(eg. the Fortress) 51.4 38.7 9.2 0.6 0.0 4.4 0.7 History 43.4 46.3 9.7 0.6 0.0 4.3 0.7 Geography (eg. pattern of
city development) 37.3 45.6 16.6 0.6 0.0 4.2 0.7 Landmarks (eg. National
Theatre) 38.5 42.9 18.0 0.6 0.0 4.2 0.8 Contemporary life and
current events 36.5 41.2 18.8 2.4 1.2 4.1 0.9 Serbian customs and local
rules 34.1 39.6 22.0 3.0 1.2 4.0 0.9
Shopping and free time
activity 28.2 31.3 26.7 8.4 5.3 3.7 1.1
Interestingly, the level of satisfaction with the information on “Special sites“ statistically varies much with regards to the tour date. These differences in mean satisfaction with such information are statistically important and have significance level of 0.01). Thus, mean satisfaction with the information on special sites was the highest on the tour of May, 16th (4.7), and the lowest on May, 6th (4.3). It could also be explained by conditions in which this information is presented, i.e. the influence of various external factors stated above.
Data processing gave results which show that total tourist satisfaction with the received information (commentary), based on calculating the mean satisfaction in relation to all seven types of information. With this in mind, the mean satisfaction is then 4.2, i.e. the information quality was somewhat above the respondents' expectation. Interestingly, the results obtained are statistically much different in terms of mean rating depending on the respondents' residence.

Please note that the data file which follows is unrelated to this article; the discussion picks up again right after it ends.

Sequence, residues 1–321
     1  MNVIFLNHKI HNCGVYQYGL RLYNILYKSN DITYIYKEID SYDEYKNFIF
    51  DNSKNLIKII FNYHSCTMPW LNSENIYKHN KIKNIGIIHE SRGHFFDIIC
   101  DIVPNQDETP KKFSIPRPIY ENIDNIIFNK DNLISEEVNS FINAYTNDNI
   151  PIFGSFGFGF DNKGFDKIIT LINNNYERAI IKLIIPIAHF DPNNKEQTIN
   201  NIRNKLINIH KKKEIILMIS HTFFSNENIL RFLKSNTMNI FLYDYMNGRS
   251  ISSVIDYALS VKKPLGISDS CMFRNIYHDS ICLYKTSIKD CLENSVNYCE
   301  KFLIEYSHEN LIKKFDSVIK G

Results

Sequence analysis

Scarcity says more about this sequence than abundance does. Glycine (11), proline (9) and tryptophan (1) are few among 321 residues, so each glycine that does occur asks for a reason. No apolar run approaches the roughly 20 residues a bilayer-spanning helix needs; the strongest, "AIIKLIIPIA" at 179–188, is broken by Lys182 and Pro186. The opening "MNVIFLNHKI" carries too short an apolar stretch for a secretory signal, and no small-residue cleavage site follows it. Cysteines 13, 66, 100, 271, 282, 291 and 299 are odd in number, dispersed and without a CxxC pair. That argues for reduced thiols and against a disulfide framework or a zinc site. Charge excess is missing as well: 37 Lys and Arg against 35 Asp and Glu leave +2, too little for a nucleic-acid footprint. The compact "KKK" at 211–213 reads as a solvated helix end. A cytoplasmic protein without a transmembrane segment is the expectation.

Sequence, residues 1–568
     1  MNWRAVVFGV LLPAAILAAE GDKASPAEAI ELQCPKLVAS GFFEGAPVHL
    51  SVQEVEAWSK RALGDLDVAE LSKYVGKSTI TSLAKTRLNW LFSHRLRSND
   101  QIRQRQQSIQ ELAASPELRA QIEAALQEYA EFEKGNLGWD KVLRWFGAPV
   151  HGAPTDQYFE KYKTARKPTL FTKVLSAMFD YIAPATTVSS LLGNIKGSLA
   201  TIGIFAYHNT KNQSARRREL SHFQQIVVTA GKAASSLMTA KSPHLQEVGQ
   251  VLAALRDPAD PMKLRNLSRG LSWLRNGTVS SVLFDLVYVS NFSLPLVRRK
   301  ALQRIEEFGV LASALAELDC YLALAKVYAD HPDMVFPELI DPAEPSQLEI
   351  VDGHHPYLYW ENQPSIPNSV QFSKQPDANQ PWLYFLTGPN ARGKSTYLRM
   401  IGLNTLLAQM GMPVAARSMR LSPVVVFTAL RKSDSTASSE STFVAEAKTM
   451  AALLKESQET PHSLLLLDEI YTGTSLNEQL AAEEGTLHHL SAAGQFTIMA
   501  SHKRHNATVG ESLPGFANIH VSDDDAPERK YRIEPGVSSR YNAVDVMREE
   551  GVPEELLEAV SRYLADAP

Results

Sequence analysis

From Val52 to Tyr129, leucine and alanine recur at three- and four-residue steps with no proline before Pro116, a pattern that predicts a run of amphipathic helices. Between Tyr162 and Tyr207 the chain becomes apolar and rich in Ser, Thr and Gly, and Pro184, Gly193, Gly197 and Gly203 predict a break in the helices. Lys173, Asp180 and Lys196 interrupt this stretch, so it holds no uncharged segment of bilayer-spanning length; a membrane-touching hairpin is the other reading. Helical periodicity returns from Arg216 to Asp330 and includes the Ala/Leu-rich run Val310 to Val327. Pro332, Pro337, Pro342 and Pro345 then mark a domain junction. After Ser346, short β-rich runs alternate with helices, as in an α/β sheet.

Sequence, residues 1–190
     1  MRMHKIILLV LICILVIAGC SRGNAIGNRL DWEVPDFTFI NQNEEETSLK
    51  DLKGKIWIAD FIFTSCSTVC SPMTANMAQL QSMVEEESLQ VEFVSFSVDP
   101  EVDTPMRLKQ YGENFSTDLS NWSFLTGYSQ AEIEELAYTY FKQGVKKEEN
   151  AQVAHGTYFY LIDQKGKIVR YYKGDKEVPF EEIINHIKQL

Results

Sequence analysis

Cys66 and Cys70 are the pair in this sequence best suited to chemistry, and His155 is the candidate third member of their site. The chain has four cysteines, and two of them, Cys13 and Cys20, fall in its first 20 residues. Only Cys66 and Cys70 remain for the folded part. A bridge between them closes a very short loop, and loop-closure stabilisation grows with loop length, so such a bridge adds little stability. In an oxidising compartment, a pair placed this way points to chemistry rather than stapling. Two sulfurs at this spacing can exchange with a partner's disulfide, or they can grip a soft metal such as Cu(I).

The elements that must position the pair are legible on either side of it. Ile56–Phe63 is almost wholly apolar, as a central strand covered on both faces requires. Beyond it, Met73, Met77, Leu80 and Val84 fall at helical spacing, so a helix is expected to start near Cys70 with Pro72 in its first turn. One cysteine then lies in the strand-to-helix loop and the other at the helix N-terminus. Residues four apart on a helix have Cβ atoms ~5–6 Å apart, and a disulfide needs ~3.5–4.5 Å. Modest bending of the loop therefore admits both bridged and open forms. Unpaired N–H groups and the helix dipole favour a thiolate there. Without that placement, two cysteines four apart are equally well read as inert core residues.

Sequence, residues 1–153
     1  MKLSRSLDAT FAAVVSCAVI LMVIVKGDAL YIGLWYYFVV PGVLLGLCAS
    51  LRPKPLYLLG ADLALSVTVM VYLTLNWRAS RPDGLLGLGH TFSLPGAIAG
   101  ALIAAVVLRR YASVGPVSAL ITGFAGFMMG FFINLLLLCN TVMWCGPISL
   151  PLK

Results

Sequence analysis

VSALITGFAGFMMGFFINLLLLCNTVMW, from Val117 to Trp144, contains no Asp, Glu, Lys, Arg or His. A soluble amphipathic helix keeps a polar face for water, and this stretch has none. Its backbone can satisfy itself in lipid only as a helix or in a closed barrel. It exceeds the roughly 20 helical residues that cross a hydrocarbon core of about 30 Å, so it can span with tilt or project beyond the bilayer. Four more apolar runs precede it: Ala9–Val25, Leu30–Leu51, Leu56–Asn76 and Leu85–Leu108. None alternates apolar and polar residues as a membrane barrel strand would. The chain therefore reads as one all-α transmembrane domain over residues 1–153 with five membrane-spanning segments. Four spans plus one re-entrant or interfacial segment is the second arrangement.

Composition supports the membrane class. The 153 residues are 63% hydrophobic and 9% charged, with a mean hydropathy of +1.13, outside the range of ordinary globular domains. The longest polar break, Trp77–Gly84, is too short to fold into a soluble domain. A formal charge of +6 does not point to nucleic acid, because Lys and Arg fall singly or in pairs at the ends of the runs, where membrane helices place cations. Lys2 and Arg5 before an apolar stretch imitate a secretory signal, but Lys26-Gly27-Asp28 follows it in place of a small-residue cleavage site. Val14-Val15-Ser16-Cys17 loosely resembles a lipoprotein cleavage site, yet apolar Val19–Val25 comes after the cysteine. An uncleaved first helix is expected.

As in the case of evaluating tour quality, the respondents who stated to live in the US South and Northeast gave higher marks as well, i.e. they were more satisfied with the received information than their companions who stated US West or Midwest as their residence, or simply – USA.
In order to determine what type of information largely affected total satisfaction with the information in the guide's commentary, the linear regression analysis was applied revealing that it was the information about contemporary life and current events, Serbian customs and local etiquette as well as shopping and free time activities which deeply influence the total tourist satisfaction with the received information. Given the fact that such types of information are poorly assesed by the respondents, it should be necessary for guides to pay more attention to these aspects.